The Who? What? When? And Where? of Afrofuturism.
By: Shanel Thompson
I never knew too much about what “Afrofuturism” was, but I knew whenever I heard it I would automatically think of something straight out of the 70’s & 80’s. I dreamt of something psychedillic, futuristic, and always “out of this world.” To some it also meant some good ole “high times.” But, I never thought I would find so much knowledge, and be intrigued about how this word came about. Some call it “Afrofuturism” some call it “P-Funk’’ all in all it’s the same. What it has done for black culture is undescribable. If you are like me, a woman in her early 30’s or just an advocate for learning new things, then you should give this page a good “birds-eye-view. From hearing your Mom’s cleaning playlist, or that jam when you’re riding in your car with elders, or that BBQ that your aunts, and uncles would throw. “Futurism is everywhere.” From your clothes, to your hair, to the way you talk, through art, and definitely through music. Many of your favorite artists live, smell, and breathe Afrofuturism, and I’m here to school you on what it is.
According to The Cultural Impact of Kanye West by Reynaldo Anderson, and John Jennings, Futurism, was an artistic and literary movement developed between 1909 and World War I by Italian artists in response to a perceived crisis in modernity that arose as European urban life suddenly changed in the late nineteenth century. Futurism’s goal was to make a distinct break with old cultural or political institutions and exalt the modern creations of electricity, planes, and science. I also think Afrofuturism was a form of liberation, to free Black people from white supremacy.
Hear me out, the intersection between black culture, technology, liberation, and the imagination, with some mysticism thrown in, too. In an article “George Clinton, Sun Ra And The Sci-Fi Funk Of Afrofuturism” by Amelia Mason, black artists address contemporary racism by imagining funkier, more colorful (in every sense), sci-fi futures. P-Funk is populated by transcendent “Afronauts, capable of funkitizing galaxies. The relationship with Hip Hop Culture to Afrofuturism is it’s experimental rhythms birthed in hip-hop but natured by African sounds, culture, all while conducting a cosmic funk feel.
From your Outkast, to your Erykah Badu’s, Missy Elliot, George Clinton, Africa Bambaata, the list goes on, but one thing they all have in common is they have incorporated Afrofuturism in their line of music, and art. Think about it! Have you ever thought about “Style?” From Autotunes to warped transitions in voice. “It’s Art, It’s Culture, It’s Afrofuturism.” Get familiar with the word: “Techno-Vernacular.” Never heard of it? Well here’s what it is, and how it relates to Afrofuturism.
Techno-Vernacular, produces art forms through techniques like improvising and remixing with a variety of tools, and devices. A learning paradigm emerges in the social change, and the theory of cultural critique. Merging of culture and technology from young generations of Africans across the Diaspora. Like an Octatrack, or Autotune. If you ever heard of T-pain, you better believe he’s used it. From Lil’ Wayne to Snoop Dogg, your favorite artist took different routes to attract a different audience. When I say different audiences, it isn’t just merely so demographic, but a feeling. When you listen to a certain song you like you play it over and over, or when you hear a new artist, you give it a listen. But, each time you listen there is a sense of different feeling you get when hearing it. That’s techno-vernacular, and that ladies and gentleman is Afrofuturism. I decided to give you a list of some people you may or may not know, and broke down how they apply to Afrofuturism.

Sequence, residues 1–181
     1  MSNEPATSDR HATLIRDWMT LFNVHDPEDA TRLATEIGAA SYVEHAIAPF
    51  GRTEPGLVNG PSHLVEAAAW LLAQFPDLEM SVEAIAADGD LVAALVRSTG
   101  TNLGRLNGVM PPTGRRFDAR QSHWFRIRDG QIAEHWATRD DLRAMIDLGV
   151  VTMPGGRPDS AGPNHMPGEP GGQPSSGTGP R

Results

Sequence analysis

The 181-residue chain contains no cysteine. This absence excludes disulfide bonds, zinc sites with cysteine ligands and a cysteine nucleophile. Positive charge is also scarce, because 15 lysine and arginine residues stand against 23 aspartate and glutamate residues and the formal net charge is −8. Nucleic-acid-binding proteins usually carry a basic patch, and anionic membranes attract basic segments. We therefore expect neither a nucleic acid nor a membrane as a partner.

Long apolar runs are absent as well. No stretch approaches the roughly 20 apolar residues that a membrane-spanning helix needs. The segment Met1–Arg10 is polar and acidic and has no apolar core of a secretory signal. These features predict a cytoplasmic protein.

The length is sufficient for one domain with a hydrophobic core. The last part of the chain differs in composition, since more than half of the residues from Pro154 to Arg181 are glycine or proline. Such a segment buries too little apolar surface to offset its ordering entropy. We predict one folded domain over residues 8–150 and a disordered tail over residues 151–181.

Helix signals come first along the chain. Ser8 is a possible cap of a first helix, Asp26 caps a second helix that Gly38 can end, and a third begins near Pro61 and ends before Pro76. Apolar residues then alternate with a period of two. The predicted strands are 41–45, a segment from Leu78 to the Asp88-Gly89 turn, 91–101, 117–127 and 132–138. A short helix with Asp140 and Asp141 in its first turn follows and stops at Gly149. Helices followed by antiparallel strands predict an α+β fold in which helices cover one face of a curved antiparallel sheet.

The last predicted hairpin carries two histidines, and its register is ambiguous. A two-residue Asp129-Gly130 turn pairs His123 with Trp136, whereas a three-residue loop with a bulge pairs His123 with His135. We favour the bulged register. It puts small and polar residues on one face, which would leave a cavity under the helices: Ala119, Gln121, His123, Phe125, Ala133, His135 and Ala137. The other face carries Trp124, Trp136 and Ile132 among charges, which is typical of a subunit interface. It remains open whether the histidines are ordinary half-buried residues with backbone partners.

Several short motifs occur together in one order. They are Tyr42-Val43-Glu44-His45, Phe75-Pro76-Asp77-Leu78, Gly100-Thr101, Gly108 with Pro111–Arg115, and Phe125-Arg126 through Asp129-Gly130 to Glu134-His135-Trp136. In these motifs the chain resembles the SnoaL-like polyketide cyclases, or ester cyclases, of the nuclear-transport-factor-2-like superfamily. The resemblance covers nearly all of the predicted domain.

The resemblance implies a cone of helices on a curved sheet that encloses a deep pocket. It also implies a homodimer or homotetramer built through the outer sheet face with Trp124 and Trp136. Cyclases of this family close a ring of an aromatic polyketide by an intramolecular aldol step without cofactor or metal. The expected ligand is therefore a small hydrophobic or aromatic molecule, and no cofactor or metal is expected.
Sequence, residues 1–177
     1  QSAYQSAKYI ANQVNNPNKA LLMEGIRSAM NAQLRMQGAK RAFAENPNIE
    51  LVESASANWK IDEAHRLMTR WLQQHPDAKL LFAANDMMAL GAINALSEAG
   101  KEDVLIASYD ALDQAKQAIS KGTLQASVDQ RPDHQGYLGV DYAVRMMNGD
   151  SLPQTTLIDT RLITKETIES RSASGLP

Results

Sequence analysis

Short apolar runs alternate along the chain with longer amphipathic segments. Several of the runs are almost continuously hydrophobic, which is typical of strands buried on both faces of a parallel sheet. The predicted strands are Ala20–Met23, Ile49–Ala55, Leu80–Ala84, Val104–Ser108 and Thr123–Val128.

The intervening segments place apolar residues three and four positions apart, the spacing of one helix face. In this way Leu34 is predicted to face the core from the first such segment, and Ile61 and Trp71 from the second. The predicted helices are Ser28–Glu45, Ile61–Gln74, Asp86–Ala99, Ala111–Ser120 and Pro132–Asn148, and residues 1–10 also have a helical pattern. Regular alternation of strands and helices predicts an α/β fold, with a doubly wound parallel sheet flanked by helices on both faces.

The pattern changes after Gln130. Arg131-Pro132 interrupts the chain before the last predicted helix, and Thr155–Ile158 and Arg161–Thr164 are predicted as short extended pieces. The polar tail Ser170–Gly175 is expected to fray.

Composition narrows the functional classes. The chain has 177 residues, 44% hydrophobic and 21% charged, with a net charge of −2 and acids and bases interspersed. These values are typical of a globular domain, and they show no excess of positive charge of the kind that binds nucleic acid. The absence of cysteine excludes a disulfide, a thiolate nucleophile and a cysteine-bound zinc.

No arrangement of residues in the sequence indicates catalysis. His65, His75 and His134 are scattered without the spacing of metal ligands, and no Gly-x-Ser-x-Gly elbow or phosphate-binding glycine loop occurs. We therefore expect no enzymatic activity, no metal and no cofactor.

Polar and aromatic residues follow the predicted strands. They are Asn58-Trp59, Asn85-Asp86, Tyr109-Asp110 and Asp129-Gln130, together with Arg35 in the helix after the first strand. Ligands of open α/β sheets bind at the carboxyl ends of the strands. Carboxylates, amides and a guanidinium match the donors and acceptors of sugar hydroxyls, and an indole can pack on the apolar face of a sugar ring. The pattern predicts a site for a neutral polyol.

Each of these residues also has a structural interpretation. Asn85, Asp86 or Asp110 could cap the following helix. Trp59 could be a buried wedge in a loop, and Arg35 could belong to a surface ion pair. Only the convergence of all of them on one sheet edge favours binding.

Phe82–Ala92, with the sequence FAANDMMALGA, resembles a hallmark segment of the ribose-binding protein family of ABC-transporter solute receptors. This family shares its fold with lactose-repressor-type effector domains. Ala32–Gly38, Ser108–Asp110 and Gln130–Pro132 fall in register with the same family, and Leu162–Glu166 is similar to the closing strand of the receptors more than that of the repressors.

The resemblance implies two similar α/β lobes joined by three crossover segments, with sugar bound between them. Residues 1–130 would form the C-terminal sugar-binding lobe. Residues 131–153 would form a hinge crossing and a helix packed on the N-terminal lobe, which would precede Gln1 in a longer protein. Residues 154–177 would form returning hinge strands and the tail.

- Kanye — before crazy Kanye, and his campaign antics lol.. he utilizes his type of expression in his lyrics and he employs practices that could be seen as Dadaist in videos such as “Good Life” from Graduation and “Gold Digger” from Late Registration. West’s performances in these and other videos highlight the fungibility of art. This was also part of the Dadaists’ main objective. They challenged the notion of the systems that served to privatize artistic expression.
- Missy Elliot — Her debut album ‘Supa Dupa Fly’ dropped in 1997 and was recorded and produced by Timbaland, whose futuristic beats, muffle ad-libs and warped effects created a sound that was quite literally out of this world. The video for the album’s first single “The Rain” had Missy sporting a trash bag during a fisheye lens shot in a silvery room. The music that she made is wildy futuristic. Also one of my favorite Missy videos, because it’s timeless.
- Parliament-Funkadelic (abbreviated as P-Funk) is an American funk music collective of rotating musicians headed by George Clinton primarily consisting of the individual bands Parliament and Funkadelic, both active since the 1960s. Their distinctive funk style drew on psychedelic culture, outlandish fashion, science-fiction, and surreal humor; it would have an influential effect on subsequent funk, post-punk, hip-hop, and post-disco artists of the 1980s and 1990s, while their collective mythology would help pioneer Afrofuturism.
From new to old, Afrofuturism remains. History repeats itself as they say, which means this isn’t going anywhere, it’s a revolving door, sort of like the Energizer bunny, “it keeps going, and going.” So, what’s your sense of Afrofuturism? You stay out of trouble you cool cats, and kids. Go out there in the world, and create your own sense of afrofuturism.
Peace & Love ❤
Anderson, Reynaldo, and John Jennings. “Afrofuturism: The Digital Turn and the Visual Art of Kanye West.” The Cultural Impact of Kanye West (2014): 29 — 44. Web.